Anxiety: But there are so many mistakes that we haven’t thought about yet.

Steph: No, I’m going asleep.

Anxiety: Hey, you know that presentation you’ve got to do in five weeks?

Steph: ….yeah?

Anxiety: You’re going to be terrible at it. You’ll definitely mess it up. Everyone else is going to think you’re so stupid, they’re going to laugh at you.

Steph: You don’t know that, it’ll probably be fine.

Anxiety: Will it though?

Steph: ffs

Anxiety: …

Anxiety: …

Anxiety: Remember last week when you tried to pay for that jumper and you gave them the wrong amount? HA! What kind of eejit does that?! Bet they thought you were an idiot, they probably had a good laugh about you with their mates!

Steph: It was just a mistake. Anyone could make that mistake.

Anxiety: Could they though?

Steph: ….maybe.

Anxiety: Don’t forget that you’ve to make that phone call tomorrow.

Steph: Why do you have to bring this up now? I just want to sleep.

Anxiety: Bet your voice will shake and you’ll forget what you’re supposed to say.

Steph: If I’m nervous I’ll just write down the main points before I make the call.

Anxiety: Who does that?! A script to make a phone call – really? How sad is that? You won’t be able to do it, just like you won’t be able to do the presentation. You can’t even pay for something in a shop without fucking it up! Even children can do that right. You fail at everything. It’s who you are – a failure. What have you got to show for yourself after 26 years? Not a lot! Everyone else is doing great, they graduated college or they’ve got full time jobs. They’re having a great time, it’s all over Facebook and Instagram. You can’t even order a drink on a night out and don’t get me started on how you act around new people or Ian’s friends! I bet they all make fun of you behind your back, they must hate you…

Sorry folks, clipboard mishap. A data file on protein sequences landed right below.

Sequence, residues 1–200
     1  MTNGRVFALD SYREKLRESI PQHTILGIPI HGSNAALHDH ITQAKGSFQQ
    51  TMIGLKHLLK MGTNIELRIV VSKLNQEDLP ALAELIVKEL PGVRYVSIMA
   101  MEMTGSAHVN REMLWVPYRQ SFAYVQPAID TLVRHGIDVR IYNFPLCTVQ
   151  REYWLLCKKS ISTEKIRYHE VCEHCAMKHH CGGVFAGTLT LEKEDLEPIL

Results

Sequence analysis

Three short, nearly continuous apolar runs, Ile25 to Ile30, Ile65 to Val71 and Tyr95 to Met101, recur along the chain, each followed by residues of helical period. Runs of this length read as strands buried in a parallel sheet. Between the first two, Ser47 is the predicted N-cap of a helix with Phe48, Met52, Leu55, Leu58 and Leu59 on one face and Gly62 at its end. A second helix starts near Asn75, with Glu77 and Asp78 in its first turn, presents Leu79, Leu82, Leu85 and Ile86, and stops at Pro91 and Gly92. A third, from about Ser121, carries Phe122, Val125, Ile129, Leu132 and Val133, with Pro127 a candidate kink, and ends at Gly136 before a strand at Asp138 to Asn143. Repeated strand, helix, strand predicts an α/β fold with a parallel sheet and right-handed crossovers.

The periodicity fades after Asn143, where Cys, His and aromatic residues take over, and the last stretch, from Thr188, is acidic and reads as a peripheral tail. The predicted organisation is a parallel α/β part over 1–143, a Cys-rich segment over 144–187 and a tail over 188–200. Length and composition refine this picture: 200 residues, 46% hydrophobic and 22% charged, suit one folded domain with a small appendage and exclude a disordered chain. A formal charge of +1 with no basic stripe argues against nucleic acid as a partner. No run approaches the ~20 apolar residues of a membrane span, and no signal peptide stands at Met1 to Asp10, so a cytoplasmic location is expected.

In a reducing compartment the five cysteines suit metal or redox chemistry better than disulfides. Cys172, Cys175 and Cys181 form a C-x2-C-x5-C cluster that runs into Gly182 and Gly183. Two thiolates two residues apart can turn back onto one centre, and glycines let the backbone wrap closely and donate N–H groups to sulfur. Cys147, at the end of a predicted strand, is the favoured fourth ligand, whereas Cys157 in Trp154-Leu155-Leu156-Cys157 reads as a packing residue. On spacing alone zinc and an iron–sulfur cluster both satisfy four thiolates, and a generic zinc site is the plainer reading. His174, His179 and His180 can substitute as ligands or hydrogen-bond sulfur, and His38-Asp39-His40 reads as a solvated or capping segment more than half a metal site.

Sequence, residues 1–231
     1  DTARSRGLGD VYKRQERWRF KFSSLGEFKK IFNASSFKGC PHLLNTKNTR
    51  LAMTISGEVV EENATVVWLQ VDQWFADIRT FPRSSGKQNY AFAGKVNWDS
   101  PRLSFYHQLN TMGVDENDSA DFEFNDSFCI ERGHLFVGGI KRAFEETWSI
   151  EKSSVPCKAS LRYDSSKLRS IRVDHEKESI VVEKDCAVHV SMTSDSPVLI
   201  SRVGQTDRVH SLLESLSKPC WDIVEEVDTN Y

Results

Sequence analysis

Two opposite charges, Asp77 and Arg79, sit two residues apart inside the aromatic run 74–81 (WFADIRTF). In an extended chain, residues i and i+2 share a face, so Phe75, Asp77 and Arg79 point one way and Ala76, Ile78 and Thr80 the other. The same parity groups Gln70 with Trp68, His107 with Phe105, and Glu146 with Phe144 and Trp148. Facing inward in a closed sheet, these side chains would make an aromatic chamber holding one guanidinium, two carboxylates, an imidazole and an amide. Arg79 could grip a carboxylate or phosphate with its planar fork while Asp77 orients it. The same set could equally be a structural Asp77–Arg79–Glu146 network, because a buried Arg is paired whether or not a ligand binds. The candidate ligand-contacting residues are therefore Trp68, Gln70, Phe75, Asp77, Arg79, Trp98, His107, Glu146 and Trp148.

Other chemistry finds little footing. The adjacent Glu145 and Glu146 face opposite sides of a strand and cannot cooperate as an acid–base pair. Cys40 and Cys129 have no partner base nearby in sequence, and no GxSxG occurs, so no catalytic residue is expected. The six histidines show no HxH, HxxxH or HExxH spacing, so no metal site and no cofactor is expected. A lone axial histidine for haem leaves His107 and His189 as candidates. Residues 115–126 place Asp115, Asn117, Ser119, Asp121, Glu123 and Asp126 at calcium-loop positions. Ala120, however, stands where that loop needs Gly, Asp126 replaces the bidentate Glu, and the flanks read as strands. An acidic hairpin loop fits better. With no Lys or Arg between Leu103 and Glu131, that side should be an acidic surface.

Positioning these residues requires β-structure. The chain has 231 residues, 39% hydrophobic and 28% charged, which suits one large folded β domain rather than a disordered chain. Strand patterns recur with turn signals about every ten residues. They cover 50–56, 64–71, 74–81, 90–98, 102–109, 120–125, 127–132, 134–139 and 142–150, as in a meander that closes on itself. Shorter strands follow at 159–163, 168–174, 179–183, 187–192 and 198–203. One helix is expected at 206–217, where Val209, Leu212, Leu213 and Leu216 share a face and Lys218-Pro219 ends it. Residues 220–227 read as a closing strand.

Steph: You’re right.

 

Please know that I’m well now but these were the kind of thoughts I would have every single day. Living with an anxiety disorder is so exhausting. Imagine fighting with your mind every day, that’s what it feels like. Some days (or weeks or months) you don’t win, anxiety does and you believe those thoughts, you start to accept that false narrative as truth. It’s a struggle to turn that inner conversation around, a struggle that most people don’t see. It takes time, practice and persistence, sometimes it take professional help but it is possible.

Also, please know that my boyfriend’s friends are sound people and it’s unlikely that they make fun of me behind my back and the people I go to college with are a lovely, supportive bunch!

 

Talk Therapy – Benefits and Misconceptions – Blogtober Day 16